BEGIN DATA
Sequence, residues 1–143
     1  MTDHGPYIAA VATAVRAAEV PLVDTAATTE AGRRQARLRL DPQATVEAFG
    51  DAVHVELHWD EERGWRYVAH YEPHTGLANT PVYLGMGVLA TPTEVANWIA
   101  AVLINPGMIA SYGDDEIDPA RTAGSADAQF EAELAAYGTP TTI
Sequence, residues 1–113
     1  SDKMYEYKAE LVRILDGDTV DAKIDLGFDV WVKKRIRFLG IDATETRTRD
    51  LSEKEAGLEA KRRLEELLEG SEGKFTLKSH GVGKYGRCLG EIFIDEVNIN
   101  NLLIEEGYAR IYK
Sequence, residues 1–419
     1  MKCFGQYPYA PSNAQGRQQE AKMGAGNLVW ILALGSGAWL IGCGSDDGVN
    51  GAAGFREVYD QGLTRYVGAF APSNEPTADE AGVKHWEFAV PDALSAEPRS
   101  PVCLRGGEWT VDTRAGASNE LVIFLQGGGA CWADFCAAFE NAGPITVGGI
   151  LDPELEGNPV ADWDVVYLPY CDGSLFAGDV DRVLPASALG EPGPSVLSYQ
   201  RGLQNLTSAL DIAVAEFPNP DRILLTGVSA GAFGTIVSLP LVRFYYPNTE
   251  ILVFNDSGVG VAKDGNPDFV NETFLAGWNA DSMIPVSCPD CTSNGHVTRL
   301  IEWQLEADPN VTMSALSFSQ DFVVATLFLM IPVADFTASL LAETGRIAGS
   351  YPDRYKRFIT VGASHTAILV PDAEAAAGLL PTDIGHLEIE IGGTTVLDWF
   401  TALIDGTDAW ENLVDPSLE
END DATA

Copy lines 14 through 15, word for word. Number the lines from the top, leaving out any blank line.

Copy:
   201  RGLQNLTSAL DIAVAEFPNP DRILLTGVSA GAFGTIVSLP LVRFYYPNTE
   251  ILVFNDSGVG VAKDGNPDFV NETFLAGWNA DSMIPVSCPD CTSNGHVTRL